This week’s blog is from one of our 2018 Peacebuilding in Colombia students, Katie Flett, from the University of Otago.
“Wow. I can’t believe as I am sitting here writing this entry that the course is over! It feels like only yesterday that I was stepping off the plane. The three weeks have flown by in a blur.
We started off the course with an introductory lecture on the origins and evolution of the armed conflict. It gave us all a general understanding of everything that had happened so far in Colombia. With everyone in the course coming from different backgrounds and levels of knowledge of the conflict this was a good way to get us all up to scratch. (more…)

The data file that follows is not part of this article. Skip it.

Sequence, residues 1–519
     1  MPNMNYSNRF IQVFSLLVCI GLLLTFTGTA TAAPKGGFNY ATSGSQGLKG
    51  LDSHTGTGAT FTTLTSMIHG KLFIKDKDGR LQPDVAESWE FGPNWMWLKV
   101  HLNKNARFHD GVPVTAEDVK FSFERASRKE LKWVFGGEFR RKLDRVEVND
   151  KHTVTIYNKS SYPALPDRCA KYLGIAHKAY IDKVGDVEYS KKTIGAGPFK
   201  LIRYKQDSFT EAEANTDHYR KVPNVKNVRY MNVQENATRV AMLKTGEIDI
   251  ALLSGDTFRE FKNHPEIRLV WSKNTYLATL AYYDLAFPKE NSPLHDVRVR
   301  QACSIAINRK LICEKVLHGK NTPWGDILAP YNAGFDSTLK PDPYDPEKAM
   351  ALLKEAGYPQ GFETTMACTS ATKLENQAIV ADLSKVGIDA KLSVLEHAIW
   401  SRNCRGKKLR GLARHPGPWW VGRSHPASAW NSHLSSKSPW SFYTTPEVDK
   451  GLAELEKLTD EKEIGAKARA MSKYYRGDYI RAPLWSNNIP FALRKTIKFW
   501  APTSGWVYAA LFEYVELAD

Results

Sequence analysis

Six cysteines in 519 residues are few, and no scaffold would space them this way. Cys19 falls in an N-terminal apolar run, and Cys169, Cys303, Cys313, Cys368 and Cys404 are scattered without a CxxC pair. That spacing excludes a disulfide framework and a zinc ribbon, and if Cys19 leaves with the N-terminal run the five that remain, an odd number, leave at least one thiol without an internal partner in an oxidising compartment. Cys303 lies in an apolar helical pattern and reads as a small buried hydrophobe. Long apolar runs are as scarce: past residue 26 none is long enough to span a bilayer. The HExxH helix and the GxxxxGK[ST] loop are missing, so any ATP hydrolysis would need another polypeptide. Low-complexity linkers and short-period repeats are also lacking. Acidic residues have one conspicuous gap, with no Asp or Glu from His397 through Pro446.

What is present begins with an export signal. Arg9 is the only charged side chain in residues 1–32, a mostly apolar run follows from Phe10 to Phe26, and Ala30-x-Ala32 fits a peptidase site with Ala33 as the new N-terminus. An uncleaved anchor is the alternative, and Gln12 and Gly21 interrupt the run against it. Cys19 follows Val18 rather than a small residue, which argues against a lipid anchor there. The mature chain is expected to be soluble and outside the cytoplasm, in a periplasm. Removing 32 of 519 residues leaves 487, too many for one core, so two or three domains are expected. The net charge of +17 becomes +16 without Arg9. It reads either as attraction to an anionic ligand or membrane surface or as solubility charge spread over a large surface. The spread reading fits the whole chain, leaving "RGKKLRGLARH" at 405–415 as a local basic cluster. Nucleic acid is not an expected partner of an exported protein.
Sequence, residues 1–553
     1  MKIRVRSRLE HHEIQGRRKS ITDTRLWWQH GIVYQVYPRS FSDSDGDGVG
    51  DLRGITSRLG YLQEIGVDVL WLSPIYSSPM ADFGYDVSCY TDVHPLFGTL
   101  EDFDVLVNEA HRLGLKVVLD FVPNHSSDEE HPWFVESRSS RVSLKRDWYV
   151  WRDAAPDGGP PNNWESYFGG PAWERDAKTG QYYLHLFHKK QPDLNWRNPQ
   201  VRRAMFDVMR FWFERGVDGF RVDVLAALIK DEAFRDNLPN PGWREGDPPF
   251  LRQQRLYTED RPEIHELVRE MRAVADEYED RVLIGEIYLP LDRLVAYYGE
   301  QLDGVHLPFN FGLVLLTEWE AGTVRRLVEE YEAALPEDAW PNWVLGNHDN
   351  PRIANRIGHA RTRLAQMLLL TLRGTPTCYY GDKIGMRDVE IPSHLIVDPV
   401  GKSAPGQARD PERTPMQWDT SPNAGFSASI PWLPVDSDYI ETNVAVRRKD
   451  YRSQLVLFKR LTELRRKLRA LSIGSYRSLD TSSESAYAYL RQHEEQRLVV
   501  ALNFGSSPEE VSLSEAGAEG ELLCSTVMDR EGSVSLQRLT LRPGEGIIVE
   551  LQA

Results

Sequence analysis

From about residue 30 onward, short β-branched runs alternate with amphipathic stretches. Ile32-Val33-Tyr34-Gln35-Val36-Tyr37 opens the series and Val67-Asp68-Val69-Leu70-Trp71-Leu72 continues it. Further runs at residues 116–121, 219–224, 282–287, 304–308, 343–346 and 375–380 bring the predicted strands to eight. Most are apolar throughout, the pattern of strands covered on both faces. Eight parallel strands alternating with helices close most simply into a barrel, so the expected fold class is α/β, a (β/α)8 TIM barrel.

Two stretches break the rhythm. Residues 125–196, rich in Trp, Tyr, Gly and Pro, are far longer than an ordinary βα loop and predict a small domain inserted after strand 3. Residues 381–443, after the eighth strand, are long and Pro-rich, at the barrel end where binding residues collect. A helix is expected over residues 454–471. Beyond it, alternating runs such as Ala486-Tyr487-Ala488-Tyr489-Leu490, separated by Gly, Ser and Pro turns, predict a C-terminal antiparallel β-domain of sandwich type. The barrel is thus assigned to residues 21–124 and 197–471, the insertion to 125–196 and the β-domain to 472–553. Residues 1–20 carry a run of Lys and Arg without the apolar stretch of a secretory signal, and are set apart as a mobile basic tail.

This summer session, Red Tree Study’s film interns have embarked on a multitude of social, cultural activities to dive deep into Colombian culture. One of our recent highlights introduced our participants to arguably the most important component of a complete immersive experience: gastronomy.
After a day in the office, interns and RTS staff met at a quaint colonial style three-story house in the Teusaquillo neighborhood of Bogota to unmask the secrets of cooking Colombian style. Our guide, Diana, walked us through the basic steps to create a delicious dinner of patacones (smashed, fried plantains) with ahogado (a tomato/onion based salsa), empanadas with guacamole, and salpicón (think a smoothie with chunky pieces of fruit). (more…)